Zigbee, Z-Wave, HomeMatic, EnOcean


I am currently evaluating different smart home standards for my new place. At the moment I only have a bunch of Hue(and Tradfri) hardware. Since I am very happy with the hue gateway i want to keep it. But since it cannot to much besides lights I am looking for a second smart home solution. Zigbee, Z-Wave, HomeMatic and EnOcean come to mind.

I read a lot of stuff online and it only made me more confused.

Closed system.
Very well supported (by openhab etc.)
Mesh Network.
Radiator thermostats aren’t very reliable from what I have heard.

Open standard. Cluttered and not very well supported(apart from ZLL).
Seems to be more expensive.
Mesh Network.

Closed system. Old and I think it is gonna be phased out for the HomeMatic IP.
CCU UI is very outdated and a pain to use in my opinion. But it gets the job done.
Most inexpensive option so far.
Power plugs are ugly. :sweat_smile:
The retrofit wall switches are very nice thou.

HomeMatic IP:
More expensive than HomeMatic. You only get the better UI with the cloud based HomeMatic IP Gateway. Works with the CCUs too, but then it is not much different than normal HomeMatic.

More expensive
Open standard?
I don’t know much about the support.
Many things that harvest energy and do not need batteries. I like that.

Fine for some things, but not in general.

What I need?
Radiator thermostats, power plugs(with energy monitoring at best), wall switches, window sensors. Roller shutters/belt winders are optional.

In theory I could get a dongle or base station for everything. But I don’t want to invest in stuff, that is unreliable and needs tinkering every other day to get it working. And having a whole additional protocol for just one thing seems weird to me.

Can anyone shed some light and give me some recommendations? I would be very grateful.

No. This forum is on openHAB not on general Home Automation.
Browse the forum, there’s all sorts of posts on open questions like this, but noone will get you a recommendation, that you have to find out for yourself (anyone’s requirements and starting point are unique so there’s no single or correct answer to these questions).

Other than that, this will apply:

Thanks for the info. I though it might somewhat apply. Since i am looking for openhab support/compatibility too. To be fair I did not make that very clear. But if that is not the place for such a question/discussion thats fine with me. :slight_smile:

I would recommend Zwave in your case. With a bit of planning you can make a zwave mesh network very stable and it would actually complement your Hue bridge very well as it offers all those things you have on your agenda except nice cheap colorful lightbulbs which you already have thanks to the Hue. You could even think about moving those Phillips components over to a zigbee stick to not have an extra bridge at a later point and gain more flexibility. Not to forget the Zwave binding is quite robust and works great for many people here.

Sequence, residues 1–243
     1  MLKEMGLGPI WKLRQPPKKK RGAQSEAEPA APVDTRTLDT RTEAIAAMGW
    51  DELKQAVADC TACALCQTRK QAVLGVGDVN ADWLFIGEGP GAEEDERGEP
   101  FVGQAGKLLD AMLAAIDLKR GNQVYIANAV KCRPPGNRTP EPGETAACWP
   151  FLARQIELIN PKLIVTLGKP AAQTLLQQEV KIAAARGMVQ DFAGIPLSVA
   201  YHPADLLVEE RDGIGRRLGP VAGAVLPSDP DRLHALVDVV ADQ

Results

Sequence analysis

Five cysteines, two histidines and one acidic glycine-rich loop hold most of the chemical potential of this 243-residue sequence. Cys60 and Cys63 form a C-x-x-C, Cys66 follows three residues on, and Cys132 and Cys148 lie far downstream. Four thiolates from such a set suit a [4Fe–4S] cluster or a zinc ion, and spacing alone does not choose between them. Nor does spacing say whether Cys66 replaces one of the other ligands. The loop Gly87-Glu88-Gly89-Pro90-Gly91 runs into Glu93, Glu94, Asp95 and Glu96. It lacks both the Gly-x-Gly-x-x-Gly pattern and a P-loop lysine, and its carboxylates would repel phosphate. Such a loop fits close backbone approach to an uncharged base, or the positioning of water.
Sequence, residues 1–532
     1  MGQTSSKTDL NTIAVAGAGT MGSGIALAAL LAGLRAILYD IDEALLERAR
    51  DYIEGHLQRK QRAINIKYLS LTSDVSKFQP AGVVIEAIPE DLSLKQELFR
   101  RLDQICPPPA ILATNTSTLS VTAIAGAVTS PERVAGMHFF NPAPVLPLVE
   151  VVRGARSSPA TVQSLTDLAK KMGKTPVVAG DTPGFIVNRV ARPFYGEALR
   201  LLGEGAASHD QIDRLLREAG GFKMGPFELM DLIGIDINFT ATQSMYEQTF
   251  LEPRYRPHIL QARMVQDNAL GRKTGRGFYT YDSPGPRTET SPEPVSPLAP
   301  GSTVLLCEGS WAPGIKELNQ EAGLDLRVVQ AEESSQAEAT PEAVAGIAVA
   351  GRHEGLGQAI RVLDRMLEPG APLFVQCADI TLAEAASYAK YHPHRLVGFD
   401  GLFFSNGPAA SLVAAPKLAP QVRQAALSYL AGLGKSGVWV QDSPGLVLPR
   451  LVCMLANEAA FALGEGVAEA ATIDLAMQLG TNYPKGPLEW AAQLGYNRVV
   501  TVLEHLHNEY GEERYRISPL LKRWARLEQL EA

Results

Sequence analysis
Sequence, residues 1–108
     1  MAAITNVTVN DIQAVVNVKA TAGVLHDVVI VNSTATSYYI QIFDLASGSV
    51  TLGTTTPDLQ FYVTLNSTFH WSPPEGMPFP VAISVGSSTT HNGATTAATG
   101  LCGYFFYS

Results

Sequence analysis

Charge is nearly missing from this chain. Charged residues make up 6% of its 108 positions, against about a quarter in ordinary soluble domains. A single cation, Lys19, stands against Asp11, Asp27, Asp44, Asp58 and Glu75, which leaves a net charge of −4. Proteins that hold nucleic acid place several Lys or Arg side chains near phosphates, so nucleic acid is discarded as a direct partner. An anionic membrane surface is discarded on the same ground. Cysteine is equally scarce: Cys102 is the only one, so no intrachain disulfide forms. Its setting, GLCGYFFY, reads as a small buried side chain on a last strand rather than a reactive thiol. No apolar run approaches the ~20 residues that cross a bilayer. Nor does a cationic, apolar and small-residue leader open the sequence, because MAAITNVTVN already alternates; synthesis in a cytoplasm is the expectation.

Enocean while nice is rather expensive and has a major range disadvantage as it relies on a star topography and you will need good planning and or repeaters which are pricy too. Also the binding is still quite young and inmature so if you dont already have enocean equipment I wouldnt recommend it for your use case right now.
Another think that comes to mind is that if by any chance you have an AVM Router you could look at dect ule radiator thermostats which can be used over the fritz binding.

Typically Zigbee is cheaper than Z-wave. Both Hue and Tradfri use Zigbee.

Not really. Everyone’s needs are unique and what works for me may not work for you. The good thing about OH is you don’t have to choose just one technology. It supports all of the ones you list. I suggest you make your decisions on a case by case basis.

From personal experience I’m pretty happy with Zwave. It’s well supported by OH, has lots and lots of different devices, and they have published the full spec so it isn’t as closed as it once was. But I went with Zwave because at the time there was no Zibgee support in openHAB.

Rather than trying to decide on a technology, research the best fit for individual devices you need and let that drive what choices in technology you make. Go slow so if you find you chose poorly it isn’t expensive to move to something else.

How it Z-Wave closed & Zigbee open? AFAIK they are both open standards but have certain testing requirements to use the standard name.